I love onions! As both a gardener and a cook, I find the onion fascinating and immensely complex. Because our SW Oregon gardens are literally mud early in the growing season, I’ve had little luck growing onions that needed to be in the ground by April – so I’m engaged in oven-wintering four kinds of onions this year, and I’m eagerly awaiting the result. And I’m one of those who wouldn’t be at all surprised when medical science announces that onions have amazing curative powers beyond our imaginations. Yup, the onion in my estimation is the king of the garden!
Some of my most vivid onion memories are of of the many delicious ways the Jewish bakeries of my youth would use onions to make some of their mind-blowing creations – as I was browsing through one of my favorite bread sites recently, I was stopped in my virtual tracks by a page on old-fashioned NYC onion rolls, just like those made famous by the NYC Jewish bakeries 50 years ago.
Now, I must make a distinction here – plain old ordinary onion rolls are not what we’re talking about here. If your onion rolls only have flaked onion on top, they are not legit NYC Jewish onion rolls. They may be delicious, but they’re not the real thing. To be the real thing, the onion topping needs to have poppy seeds mixed in there too – in fact, the topping mixture probably has as many variations as there were bakeries in NYC. And those of you who share my memories will recognize this topping as the same stuff that crowns one of New York’s most famous bakery achievements, the bialy! (I’ll hold this for a more through treatment another time – it deserves it)
OK, so here’s my take on the rolls you see above – they’re good, but not the rival of those I remember of old. For one thing, in his recipe, Norm talks about how stiff this dough is, and how ten minutes on the stand mixer will create a silky dough that bakes up with a delicate, satiny texture. However, I didn’t get a real stiff dough with Norm’s recipe – in fact, it wasn’t even stiff enough to avoid having the dough creep up the dough hook as it will do with a wet dough! I added more flour than Norm suggested, and even then I still had a somewhat wet dough. Don’t know what the deal was, but next time I think I’ll use one of the other versions listed on the site (there must be a reason why there are so many versions – if the original one was a killer version, why try to improve it?).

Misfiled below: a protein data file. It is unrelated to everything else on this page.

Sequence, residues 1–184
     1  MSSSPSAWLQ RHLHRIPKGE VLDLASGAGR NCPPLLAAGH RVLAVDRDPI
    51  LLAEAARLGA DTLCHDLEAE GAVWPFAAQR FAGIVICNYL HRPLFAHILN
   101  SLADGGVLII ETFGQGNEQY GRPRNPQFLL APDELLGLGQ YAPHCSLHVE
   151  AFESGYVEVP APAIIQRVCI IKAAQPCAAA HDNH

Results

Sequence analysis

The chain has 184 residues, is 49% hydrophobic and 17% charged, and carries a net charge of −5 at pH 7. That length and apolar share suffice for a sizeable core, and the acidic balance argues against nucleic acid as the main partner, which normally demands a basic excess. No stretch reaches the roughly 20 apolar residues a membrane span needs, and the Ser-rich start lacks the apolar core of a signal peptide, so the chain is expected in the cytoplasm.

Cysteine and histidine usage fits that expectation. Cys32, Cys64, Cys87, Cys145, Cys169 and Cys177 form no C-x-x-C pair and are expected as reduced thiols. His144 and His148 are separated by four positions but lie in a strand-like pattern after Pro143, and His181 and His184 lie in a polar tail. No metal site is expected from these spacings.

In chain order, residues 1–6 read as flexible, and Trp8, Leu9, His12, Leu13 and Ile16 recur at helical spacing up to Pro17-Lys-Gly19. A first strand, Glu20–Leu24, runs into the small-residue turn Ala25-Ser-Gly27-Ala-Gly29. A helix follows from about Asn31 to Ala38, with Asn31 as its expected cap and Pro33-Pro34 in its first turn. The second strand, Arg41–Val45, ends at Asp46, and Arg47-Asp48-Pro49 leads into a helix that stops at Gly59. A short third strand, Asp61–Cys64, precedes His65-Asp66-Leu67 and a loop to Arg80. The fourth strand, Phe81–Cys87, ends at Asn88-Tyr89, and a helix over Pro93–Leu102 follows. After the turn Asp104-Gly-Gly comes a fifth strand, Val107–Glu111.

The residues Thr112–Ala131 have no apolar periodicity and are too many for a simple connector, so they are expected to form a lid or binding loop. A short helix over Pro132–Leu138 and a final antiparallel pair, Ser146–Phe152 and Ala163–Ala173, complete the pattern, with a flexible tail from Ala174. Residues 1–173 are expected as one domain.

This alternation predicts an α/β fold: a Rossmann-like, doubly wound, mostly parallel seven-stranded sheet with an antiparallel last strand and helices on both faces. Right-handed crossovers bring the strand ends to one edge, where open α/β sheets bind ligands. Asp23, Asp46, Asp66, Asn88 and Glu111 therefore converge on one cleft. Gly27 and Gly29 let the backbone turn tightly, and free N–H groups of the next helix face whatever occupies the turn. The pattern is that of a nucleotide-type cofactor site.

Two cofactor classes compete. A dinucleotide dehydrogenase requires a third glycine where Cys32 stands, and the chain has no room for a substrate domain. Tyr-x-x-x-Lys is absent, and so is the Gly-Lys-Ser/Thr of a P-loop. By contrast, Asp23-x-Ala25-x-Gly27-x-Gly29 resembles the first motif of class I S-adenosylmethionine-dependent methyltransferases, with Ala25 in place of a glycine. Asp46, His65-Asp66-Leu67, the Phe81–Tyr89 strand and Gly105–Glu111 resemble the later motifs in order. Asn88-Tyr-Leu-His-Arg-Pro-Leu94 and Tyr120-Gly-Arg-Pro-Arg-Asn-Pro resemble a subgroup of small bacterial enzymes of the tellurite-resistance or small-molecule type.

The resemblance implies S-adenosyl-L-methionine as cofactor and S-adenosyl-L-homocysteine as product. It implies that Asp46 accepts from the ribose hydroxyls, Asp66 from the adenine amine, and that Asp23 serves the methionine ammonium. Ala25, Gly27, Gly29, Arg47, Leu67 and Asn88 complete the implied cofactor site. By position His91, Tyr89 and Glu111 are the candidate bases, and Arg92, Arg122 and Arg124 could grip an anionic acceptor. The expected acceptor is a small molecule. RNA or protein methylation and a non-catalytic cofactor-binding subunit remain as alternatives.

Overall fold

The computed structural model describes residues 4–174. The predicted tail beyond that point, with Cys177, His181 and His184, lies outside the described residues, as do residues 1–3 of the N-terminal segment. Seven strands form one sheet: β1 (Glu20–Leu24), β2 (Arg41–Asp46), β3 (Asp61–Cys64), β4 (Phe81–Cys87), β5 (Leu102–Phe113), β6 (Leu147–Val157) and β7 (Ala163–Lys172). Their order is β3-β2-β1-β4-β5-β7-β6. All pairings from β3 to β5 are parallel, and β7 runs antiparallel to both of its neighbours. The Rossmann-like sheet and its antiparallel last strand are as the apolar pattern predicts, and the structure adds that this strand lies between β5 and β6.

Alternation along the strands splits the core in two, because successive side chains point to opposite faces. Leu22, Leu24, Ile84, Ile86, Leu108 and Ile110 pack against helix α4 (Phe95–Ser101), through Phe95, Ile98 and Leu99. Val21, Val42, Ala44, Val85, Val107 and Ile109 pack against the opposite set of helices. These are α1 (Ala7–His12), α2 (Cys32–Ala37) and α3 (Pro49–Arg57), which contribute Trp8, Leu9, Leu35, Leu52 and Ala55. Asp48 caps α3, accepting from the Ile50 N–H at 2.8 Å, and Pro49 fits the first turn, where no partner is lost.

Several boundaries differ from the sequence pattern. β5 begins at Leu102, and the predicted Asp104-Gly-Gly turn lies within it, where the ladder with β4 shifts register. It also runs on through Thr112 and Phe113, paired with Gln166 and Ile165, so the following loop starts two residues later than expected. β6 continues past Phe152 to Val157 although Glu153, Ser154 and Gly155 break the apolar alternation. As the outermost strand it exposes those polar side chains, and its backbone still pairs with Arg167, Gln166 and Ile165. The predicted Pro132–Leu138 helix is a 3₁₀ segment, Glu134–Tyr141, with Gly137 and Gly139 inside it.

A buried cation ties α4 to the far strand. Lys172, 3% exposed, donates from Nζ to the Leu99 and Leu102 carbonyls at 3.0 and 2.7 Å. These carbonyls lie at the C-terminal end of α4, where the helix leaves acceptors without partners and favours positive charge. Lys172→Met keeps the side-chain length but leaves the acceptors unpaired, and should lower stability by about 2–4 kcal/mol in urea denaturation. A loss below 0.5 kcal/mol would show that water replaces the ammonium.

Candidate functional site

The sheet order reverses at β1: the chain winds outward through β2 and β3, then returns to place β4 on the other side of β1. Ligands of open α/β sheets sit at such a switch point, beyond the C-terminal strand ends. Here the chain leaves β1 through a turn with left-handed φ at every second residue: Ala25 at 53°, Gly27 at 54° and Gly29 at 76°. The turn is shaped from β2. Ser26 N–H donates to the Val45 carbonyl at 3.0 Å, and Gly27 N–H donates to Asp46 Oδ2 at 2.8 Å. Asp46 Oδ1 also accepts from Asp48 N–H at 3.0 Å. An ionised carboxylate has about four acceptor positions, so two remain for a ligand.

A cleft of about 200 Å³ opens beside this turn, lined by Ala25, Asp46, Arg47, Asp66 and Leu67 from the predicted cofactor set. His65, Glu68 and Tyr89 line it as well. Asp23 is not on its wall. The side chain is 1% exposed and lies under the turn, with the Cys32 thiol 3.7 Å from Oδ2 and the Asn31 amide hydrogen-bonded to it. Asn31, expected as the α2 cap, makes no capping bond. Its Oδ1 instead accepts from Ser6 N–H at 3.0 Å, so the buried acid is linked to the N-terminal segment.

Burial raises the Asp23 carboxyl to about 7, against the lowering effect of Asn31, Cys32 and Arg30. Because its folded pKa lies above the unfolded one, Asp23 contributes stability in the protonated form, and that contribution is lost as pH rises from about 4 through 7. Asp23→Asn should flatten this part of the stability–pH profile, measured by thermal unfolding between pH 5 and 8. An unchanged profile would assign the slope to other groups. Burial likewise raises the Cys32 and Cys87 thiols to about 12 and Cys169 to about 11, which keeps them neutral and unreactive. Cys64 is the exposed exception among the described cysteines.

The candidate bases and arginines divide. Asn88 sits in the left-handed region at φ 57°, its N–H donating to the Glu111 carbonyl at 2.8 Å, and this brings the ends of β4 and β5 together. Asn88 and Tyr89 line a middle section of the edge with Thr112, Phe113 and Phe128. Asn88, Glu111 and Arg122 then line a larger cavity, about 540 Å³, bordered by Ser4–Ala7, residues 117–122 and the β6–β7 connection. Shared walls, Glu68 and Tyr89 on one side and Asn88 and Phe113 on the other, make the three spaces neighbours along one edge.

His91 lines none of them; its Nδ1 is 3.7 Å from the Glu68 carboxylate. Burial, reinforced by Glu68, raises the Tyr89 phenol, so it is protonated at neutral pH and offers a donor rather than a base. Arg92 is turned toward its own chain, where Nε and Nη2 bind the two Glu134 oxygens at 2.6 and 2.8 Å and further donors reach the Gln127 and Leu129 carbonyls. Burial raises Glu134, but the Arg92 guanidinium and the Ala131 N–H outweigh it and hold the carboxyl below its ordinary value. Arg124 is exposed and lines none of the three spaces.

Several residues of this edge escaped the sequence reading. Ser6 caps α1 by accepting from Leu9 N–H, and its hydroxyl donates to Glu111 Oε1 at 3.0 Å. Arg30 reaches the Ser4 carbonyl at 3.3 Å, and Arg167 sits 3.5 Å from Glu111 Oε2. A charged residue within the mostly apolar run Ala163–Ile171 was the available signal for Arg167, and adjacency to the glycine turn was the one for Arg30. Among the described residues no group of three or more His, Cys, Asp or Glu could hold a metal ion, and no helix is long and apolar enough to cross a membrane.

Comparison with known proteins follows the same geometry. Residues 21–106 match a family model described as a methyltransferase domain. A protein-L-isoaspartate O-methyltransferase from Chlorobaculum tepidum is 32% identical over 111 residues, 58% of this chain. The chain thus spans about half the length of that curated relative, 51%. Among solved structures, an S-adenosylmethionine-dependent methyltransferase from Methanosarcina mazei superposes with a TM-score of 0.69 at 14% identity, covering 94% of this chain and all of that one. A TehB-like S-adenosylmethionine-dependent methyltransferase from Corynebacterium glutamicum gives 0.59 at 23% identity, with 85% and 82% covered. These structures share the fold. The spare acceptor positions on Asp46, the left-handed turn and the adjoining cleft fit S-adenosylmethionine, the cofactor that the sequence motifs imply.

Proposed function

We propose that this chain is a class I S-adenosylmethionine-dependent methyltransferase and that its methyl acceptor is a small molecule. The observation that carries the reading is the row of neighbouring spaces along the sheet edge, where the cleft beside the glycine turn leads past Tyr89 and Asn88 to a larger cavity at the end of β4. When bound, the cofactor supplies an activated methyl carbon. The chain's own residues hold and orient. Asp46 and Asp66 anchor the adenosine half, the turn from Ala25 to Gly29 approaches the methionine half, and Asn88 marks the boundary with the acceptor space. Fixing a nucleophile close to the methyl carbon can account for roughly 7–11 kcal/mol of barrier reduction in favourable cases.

And while I’m talking about things I’d change, I’d also use a beaten egg glaze on the roll before rolling in the topping, so the topping sticks a little better than it does without. And I’d also make the topping mix a bit more like the bialy topping of my memory, which was somewhat more sweet – a good bialy topping needs to have a sweet/salt punch that Jewish bakers have mastered – Norm uses salt, but needs more sweet.
Please don’t misunderstand, there’s nothing wrong with Norm’s recipe – it makes damn good rolls – my wife thinks I’m nuts; she loves them. But I’ve become a sort of perfectionist baker – I always have a vision in my head of what it will be and if it doesn’t match that, or better it, I’m disappointed. So my quest is for the silken, delicate crumb – I’ll get it, and when I do, I’ll be back to tell you how.